When you can’t afford to pay the rent on your own and are forced to consider getting a roommate, it feels like a slap in the face. You’ve always dreamed of having a place of your own, but now that’s all gone to seed.
Living with a roommate isn’t the end of the world. You’ll be able to afford rent and share other monthly expenses that are draining your bank account. Having a roommate will help you save money and you’ll be able to use it on projects near and dear to your heart. The only thing left to worry about now is finding a roommate you can get along with, a roommate who will help you look for policies on [renters insurance quotes](https://coverhound.com/renters-insurance), compare sites, and even offer to take you to the airport.
**Finding a Roommate**
If you’ve had not-so-great experiences with roommates in the past, opening yourself back up to another one probably sounds terrible. Even if you have had some fairly insufferable roommates in the past, that doesn’t mean your next roommate experience is going to end the same way.
You know what kind of qualities you look for in a friend, so why not start there? Here are some ways of vetting a potential roomie to make sure you land an enjoyable new housemate.
**Post an Ad**
The first thing you should do when trying to find a new roommate is post on ad on your social media feed detailing (obviously) that you need a roommate and what type of roommate it is that you are looking for. Soon you’ll have friends sharing your ad with friends and friends of friends. The next thing you know your smart phone will be pinging with notifications.
And don’t ignore sites like CraigsList, either. Even though people have shared horror stories about the classifieds site in the past, if you’re looking for a roommate in an urban area, it’s a widely used platform. The hard part? You just have to be thorough in your vetting. Take the time to post a detailed ad of who you are and what you’re looking for in a roommate. Ask the candidates to reply answering specific questions that relate to your preferred routine, such as, “are you a morning or evening person?” or “how often do you cook/use the kitchen?” Ask about anything that’s important to you to ensure you’re getting candidates that align with your needs and preferences.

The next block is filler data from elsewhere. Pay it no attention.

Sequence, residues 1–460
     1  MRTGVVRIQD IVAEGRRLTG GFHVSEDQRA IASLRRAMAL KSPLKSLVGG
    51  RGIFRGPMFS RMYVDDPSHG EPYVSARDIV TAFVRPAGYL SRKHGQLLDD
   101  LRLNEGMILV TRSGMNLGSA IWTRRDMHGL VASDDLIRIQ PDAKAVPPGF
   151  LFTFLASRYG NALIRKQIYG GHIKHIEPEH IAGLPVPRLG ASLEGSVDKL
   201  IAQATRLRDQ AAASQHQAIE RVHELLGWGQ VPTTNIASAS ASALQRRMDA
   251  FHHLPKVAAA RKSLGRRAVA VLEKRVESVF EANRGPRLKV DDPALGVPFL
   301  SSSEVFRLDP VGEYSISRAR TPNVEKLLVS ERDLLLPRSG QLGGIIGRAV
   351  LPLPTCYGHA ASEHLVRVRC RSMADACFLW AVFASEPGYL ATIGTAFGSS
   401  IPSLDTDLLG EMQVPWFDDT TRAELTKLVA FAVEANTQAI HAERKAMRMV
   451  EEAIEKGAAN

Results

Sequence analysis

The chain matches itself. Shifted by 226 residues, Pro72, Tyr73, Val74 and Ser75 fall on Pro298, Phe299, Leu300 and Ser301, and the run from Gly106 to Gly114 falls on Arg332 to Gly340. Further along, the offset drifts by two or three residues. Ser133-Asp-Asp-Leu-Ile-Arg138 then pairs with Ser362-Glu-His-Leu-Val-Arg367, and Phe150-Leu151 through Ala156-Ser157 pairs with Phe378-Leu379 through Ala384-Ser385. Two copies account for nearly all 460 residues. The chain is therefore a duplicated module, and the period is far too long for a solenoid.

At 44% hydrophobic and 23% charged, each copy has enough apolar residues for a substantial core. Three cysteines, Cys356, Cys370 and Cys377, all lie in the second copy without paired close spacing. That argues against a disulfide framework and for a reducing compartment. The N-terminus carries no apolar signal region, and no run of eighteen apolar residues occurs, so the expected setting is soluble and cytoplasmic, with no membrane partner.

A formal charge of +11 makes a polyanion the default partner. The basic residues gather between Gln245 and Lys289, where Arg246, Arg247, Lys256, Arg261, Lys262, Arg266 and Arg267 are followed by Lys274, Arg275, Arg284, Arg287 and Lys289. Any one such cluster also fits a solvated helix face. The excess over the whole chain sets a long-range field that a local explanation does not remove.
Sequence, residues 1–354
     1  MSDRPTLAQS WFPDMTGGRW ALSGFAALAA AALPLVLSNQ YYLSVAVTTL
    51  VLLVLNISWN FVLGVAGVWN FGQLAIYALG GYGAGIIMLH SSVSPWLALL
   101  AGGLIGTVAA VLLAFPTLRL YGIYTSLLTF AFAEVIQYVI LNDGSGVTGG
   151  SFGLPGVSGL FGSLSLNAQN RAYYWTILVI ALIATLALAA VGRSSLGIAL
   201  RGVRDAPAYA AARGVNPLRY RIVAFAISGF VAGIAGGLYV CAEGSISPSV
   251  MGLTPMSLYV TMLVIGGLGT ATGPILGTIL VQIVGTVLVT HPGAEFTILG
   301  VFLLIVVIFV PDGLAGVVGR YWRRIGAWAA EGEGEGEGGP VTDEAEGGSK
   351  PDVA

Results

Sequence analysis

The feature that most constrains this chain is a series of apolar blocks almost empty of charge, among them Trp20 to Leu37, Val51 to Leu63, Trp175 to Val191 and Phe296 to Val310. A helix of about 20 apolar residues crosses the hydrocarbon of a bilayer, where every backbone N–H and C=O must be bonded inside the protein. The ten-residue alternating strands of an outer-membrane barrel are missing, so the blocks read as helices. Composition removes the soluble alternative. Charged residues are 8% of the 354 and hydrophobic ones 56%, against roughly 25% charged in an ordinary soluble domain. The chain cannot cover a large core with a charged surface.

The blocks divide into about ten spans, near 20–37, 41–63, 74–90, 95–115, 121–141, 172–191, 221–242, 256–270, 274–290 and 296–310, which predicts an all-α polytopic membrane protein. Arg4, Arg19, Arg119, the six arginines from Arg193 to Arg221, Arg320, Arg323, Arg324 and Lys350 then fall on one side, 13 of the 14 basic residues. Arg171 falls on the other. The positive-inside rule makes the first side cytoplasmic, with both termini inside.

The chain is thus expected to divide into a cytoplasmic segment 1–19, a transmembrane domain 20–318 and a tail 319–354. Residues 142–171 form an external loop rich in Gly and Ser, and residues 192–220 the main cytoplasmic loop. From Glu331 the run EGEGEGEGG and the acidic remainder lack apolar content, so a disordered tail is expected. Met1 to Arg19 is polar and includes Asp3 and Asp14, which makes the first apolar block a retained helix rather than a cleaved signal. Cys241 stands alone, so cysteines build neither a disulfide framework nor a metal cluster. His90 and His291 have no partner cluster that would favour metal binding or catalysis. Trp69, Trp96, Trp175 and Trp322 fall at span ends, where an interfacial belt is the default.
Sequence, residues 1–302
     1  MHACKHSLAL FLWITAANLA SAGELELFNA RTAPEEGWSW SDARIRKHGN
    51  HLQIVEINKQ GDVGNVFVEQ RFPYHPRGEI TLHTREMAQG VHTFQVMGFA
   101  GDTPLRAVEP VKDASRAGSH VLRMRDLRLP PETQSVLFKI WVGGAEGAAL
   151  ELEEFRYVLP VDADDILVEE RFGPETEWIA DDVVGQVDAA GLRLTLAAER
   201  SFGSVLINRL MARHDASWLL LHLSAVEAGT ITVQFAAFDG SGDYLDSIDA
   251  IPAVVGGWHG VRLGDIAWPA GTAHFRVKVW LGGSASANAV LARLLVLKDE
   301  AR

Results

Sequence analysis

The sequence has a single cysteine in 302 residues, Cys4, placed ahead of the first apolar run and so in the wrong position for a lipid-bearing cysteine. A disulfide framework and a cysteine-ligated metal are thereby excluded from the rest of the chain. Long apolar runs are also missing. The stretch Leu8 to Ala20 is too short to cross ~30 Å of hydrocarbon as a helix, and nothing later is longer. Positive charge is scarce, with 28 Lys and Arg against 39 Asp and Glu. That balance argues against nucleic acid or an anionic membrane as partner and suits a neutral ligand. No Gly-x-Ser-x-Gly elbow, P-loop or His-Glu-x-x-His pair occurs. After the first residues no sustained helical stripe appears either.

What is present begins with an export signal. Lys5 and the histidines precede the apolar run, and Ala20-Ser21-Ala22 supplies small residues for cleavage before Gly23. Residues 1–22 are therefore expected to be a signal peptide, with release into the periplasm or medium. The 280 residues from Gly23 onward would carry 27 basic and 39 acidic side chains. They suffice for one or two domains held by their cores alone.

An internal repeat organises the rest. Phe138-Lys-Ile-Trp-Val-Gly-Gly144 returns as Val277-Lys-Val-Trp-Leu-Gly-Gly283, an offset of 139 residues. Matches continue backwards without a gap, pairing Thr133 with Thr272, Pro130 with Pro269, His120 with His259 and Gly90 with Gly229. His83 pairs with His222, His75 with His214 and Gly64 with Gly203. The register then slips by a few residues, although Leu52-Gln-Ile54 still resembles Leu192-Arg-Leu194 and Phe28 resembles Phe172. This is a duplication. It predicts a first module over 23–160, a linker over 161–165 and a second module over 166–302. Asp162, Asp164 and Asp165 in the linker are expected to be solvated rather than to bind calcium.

Don’t decide on a roommate because you like their hobbies or how their life seems on Instagram. Instead, conduct some [face-to-face interviews](http://lifehacker.com/how-can-i-spot-a-horrible-roommate-before-i-move-in-732317810) (in a public space) to see their verbal and physical responses to your questions. Some additional questions to ask at this stage can include:
**Q:** *Have you lived with roommates before? If so, what was your experience?*
If they have lived with roommates before, ask if you can contact their roommates. If they would prefer you to not contact previous roommates, consider this a red flag.
**Q:** *How long have you been in the area?*
If they are new to the area and are unsure of how they feel about it, they could potentially leave you mid-lease to move back to their hometown or another city. Try to find someone who has been in the area for more than six months and likes it.
**Q:** *Do you like your job?*
If they don’t like their job, there is a high probability that they will quit their current position and go on the job search. Without a job (and not knowing their financial situation) they could stiff you on their portion of the rent. Make sure they like their job and plan to stay.
**Q:** *Can I conduct a background check?*
Background checks are something landlords have done and do to make sure their prospective tenants are honest and hardworking. If you ask to conduct a background check on a potential roommate, you need to be comfortable with them having a background check done on you. If you’re not comfortable with it, it’s not fair to do it to the person you’re interviewing.
**Q:** *How do you feel about overnight guests?*
A camped out SO in the living room can become a big issue, especially when they don’t contribute payment to rent or utilities. Make sure you’re clear on how you feel about overnight guests, and what is an acceptable stay length.
**Q:** *Are you willing to split chores? If so, how would you describe your cleaning habits?*
Some people don’t mind having a sink full of dishes, while it makes other go berserk. Discuss your cleaning habits with the potential roomie, and make sure you both agree on what needs routine cleaning and what can go ignored.
Living with a roommate might change how you organize the pantry or do the dishes, but it shouldn’t put you over the edge. For more helpful tips and tricks on saving on renters insurance, [visit CoverHound](https://coverhound.com/renters-insurance).